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Calculating Wave Speed from Wave Functions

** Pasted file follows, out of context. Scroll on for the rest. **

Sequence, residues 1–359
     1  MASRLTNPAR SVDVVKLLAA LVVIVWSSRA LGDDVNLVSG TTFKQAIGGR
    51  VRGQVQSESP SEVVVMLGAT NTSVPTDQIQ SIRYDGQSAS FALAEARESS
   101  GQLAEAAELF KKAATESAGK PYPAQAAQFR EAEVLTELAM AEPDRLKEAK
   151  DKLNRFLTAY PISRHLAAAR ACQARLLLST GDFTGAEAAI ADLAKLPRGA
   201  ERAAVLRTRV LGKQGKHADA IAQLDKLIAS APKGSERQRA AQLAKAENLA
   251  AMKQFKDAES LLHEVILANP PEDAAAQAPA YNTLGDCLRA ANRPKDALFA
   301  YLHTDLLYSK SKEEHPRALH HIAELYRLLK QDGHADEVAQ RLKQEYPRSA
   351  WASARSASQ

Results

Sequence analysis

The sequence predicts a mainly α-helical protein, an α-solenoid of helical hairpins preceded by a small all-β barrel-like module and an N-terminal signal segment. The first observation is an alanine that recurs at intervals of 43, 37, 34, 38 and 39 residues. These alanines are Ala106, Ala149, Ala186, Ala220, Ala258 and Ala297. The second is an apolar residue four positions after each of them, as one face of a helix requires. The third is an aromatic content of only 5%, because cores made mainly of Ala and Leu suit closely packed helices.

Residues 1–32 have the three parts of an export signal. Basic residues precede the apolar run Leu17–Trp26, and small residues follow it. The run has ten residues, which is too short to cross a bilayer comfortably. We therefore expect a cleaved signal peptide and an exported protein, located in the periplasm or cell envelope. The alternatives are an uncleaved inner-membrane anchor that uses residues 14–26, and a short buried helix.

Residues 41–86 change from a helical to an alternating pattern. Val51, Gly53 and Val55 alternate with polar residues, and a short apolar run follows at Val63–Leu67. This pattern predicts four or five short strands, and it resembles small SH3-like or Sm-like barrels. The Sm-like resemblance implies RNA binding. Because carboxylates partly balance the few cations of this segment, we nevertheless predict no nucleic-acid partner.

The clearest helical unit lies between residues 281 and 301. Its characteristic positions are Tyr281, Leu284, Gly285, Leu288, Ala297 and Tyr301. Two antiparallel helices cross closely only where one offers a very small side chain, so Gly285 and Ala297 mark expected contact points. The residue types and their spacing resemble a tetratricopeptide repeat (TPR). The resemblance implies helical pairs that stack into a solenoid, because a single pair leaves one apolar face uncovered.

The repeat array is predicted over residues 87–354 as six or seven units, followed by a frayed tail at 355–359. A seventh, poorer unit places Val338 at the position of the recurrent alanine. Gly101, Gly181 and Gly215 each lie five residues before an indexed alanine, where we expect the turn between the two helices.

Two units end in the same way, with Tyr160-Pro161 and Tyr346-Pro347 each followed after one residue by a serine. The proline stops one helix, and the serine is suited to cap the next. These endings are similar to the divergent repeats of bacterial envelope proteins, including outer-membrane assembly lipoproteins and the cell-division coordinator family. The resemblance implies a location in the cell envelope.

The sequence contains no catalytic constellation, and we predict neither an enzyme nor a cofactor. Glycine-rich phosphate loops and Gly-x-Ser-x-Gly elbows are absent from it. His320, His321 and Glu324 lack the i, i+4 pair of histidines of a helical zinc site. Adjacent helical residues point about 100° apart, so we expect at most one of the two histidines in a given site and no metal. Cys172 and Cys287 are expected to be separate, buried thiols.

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Hey guys. So in the last couple of videos, we saw the equation for the wave function, this Y of X and T equation which is either a sign or a cosine. Now, in some problems like our example down here, we're going to be given this wave function equation and we'll be asked to calculate the wave speed. So I'm going to show you in this video how to calculate the wave speed directly by using the wave function. And I'm going to show you a simple shortcut equation to do that. Let's check out our example here. We have a transverse wave that's traveling on a string. So if we want to calculate the wave speed, that's V, we actually have a couple of different equations that we can use. Remember that for strings only we can use this special equation square root of tension over mu. So I've got the square roots of my tension divided by mu. So let's take a look, I don't have the tension told nothing about the tension of this problem. And I also don't know the mass or the length of the string. So I'm kind of stuck here and I'm not going to use this equation for sure. So the only other equation to calculate V that I know is going to be this Lambda frequency, remember this applies to all kinds of waves. Now, if you go through this equation, you'll notice that we don't have the lambda or the frequency. So it also looks like we're kind of stuck here. However, remember that Lambda is related to K and frequency is related to Omega. So if we have our wave function equation here, remember this is the form A K and Omega, then we can actually calculate this wave speed by using these two variables K and Omega. So I'm going to show you a shortcut equation to calculate V directly from Omega and K and this is how it works. Basically, we're just going to write two expressions for these two variables. And then we're going to get something that includes Omega and K. Remember that Lambda is just related to the K. So K is equal to two pi over lambda. So if you rearrange for this, you're going to get Lambda is equal to two pi over K. So I'm going to write this equation, I'm going to write Lambda as two pi over K and now I'm going to have another expression for frequency. Remember that O Omega is related to two pi over frequency or sorry, two pi times the frequency, right? That's OMEGA. So if I can rearrange for frequency F equals Lambda over two pi or sorry Omega over two pi. So now I'm going to plug that back in here. So Omega over two pi. So now if you write it this way and you multiply these two things which you're going to see is that the two P will cancel. And what you end up with is you end up with just Omega over K and that's the shortcut equation. If you're given the wave function directly, then V the wave speed is going to be lambda times frequency. But it's also going to be equal to omega over K. So if you have the wave function, you can actually calculate omega or sorry V directly from these two variables. So my, my omega member is six and my wave number K is going to be 0.4. So if you plug this in, you're going to get 15 m per second exactly for the wave speed. Now, if you were to actually go and solve either lambda or frequency or any one of these values by using the long method, by using, by you doing all the calculations, you would end up also with 15 m per second. All right. So that's basically it. The last thing I want to point out is that sometimes this wave speed is also called the propagation velocity of the wave. So that's it. For this one guys, let me know if you have any questions